Ardern tested that theory in 2019 when, after an Australian man traveled to Christchurch and live-streamed his massacre of 51 people inside two mosques on Facebook, she successfully lobbied for a nationwide ban on military-style semi-automatic weapons by appealing to New Zealanders’ shared values.

“We had a coalition government, which meant that I did not have the numbers in the debating chamber to do anything without going out and extensively negotiating with the two other parties we were working with,” she said. “[But] I went down to the podium and explained to everyone that [the attacker] had legally obtained those weapons, and therefore our law must change.”

In a Q&A with Brown President Christina H. Paxson after her remarks on leadership, Ardern discussed her efforts to curb methane gas emissions, extend paid parental leave to six months and preserve an endangered species of flightless parrot while in office. In response to one student’s question about how to become a change-making leader, she emphasized that it’s better to stay true to oneself than to hew to others’ advice about what traits make an effective leader.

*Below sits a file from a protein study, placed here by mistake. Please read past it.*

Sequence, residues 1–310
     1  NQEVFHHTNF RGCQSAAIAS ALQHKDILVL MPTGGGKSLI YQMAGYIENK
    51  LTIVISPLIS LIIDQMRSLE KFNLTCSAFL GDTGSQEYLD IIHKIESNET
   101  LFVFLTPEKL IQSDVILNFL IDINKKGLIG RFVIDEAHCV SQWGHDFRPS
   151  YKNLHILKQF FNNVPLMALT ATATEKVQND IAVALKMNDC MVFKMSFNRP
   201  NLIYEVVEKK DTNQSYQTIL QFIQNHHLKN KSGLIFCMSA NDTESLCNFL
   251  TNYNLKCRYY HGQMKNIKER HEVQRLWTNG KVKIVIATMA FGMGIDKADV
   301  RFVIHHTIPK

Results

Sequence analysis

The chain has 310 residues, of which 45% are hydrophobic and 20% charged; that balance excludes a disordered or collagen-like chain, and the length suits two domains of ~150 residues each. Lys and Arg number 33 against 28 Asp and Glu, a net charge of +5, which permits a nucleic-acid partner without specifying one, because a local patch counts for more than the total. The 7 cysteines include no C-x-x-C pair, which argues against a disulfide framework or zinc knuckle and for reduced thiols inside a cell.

“If, in your mind’s eye, you picture… what it looks like to be [a leader] and you think, ‘If I don’t match that, I either won’t succeed or I have to change’... actually, neither of those things can be true,” Ardern said. “We need more people who are willing to carve that fresh path of different styles of leadership in different occupations, because otherwise we will keep getting the same styles and the same decisions and the same thinking.”

That was true for Ardern herself. The leader admitted that she thought she was “too sensitive” to be prime minister, and that sensitivity would cause her to “buckle under the pressure.” But Ardern said she has learned that people who suffer from imposter syndrome can sometimes make great leaders.

“You might be one of the people who’s quite reluctant around the idea of leadership,” she said. “[But] we need more of those people at the table — they often don’t see the skills they will bring because of their hesitancy… Look for the people who don’t put their hand up.”